10 Things to Check When Your Bike Doesn’t Start

Shari Ives Beginner

If you have ever had to call your buddy to pick you up because your bike will not start these tips on how to start your bike will prevent you from having to make that embarrassing call again.


  1. First things first, always check your battery to make sure it is not dead. If it is, try getting a jump from someone.
  2. Most of the time if your bike will not start it is something as simple as making sure the fuel control valve is not clogged with rust; making sure corrosion has not built up within the valve itself causing dry rot, cracking, or leaking.
  3. If your bike requires the clutch lever to be pulled in in order to start, check to make sure that has been done. Pull the lever all the way to the grip. If that does not work, you can bypass the clutch switch and jam the leads with a staple.
  4. Some bikes that do not require the clutch lever to be pulled in may require the bike to be in neutral to start. If the bike is not already in neutral, go ahead and put it there.
  5. Be sure to check the plunger switch. This switch tells the ignition the side stand is up and ready to go. Sometimes this switch will become stuck. If this is the case you can use WD-40 and a toothbrush to loosen it.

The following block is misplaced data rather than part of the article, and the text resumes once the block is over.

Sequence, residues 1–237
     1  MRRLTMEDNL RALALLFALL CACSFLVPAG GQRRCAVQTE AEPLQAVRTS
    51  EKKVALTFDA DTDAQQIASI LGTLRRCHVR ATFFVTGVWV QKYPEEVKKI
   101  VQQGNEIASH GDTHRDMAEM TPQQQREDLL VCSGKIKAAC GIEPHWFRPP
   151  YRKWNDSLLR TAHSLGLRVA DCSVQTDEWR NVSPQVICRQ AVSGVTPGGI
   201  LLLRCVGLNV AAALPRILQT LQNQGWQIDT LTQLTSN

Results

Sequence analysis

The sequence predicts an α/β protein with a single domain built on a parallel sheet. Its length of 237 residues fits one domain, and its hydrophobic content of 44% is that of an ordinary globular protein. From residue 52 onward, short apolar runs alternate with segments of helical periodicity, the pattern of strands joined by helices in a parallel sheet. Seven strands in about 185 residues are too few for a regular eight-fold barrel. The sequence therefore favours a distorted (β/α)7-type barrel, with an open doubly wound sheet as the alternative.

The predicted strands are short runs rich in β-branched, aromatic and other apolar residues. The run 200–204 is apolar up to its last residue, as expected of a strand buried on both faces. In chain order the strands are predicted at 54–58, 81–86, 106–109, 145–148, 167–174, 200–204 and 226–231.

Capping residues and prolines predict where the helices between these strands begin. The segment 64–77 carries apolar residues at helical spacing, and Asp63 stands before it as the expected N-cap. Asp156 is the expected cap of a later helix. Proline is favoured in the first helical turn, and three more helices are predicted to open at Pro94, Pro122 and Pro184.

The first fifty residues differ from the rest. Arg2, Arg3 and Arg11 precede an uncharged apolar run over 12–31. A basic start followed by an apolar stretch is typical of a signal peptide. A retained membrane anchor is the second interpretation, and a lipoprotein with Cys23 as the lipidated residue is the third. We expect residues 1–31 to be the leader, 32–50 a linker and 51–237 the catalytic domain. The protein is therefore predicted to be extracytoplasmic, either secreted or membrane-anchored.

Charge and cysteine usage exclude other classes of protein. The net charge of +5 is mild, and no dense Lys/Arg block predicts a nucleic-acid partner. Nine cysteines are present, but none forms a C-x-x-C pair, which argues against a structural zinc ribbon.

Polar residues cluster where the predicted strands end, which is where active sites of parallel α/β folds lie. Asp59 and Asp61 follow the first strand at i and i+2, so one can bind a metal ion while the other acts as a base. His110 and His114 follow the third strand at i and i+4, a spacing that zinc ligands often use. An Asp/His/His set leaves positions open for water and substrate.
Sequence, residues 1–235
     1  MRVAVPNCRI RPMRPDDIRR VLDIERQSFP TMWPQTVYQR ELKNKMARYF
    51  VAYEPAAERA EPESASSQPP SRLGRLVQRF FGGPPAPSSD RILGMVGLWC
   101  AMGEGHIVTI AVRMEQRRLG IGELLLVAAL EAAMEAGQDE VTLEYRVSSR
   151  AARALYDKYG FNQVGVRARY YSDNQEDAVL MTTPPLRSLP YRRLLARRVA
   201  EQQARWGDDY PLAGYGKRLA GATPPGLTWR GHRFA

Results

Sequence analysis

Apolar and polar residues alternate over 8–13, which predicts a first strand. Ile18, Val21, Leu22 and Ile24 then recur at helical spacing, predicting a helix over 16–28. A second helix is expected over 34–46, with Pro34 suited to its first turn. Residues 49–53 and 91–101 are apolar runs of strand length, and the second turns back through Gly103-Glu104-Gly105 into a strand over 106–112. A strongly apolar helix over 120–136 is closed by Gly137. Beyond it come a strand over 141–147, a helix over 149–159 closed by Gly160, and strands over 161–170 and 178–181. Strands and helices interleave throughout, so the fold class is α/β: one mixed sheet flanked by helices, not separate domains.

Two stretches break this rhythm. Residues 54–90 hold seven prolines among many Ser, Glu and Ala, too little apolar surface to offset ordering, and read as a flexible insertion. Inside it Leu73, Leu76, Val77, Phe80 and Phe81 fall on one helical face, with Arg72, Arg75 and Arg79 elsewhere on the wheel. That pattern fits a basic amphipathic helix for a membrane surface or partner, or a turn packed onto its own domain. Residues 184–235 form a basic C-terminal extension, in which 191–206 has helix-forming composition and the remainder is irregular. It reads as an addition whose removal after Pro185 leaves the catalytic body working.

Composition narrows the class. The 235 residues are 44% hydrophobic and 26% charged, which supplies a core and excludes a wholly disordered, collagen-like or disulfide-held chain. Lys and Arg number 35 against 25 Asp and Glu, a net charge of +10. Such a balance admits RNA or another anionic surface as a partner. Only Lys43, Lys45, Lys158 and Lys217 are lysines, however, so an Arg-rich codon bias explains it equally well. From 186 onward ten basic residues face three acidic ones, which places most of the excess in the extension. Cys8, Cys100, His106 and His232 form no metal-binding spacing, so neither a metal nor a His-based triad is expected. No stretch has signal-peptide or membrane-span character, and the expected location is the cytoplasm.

6. Check the tail pipes. Sometimes animals or kids will clog the exhaust. If this is the case, just remove whatever may be clogging the pipe and try starting the bike.
  7. You may not think to check to make sure you have gas. If your gas gauge is showing, then pull, but just like anything else, that too can become stuck. Try shaking your gas tank and listen for the splashing.
  8. Also check for electrical issues. These can be hard to identify, but are always a possibility. Unplug and re-plug the connectors.
  9. Check the engine cutoff switch. Even if you did not use the switch to turn off the bike, it may have been bumped.
  10. If all these fail, you may need to try riding your bike more often which adds electrons to your batter and a healthier electrical system.

Via Motorcycle.Com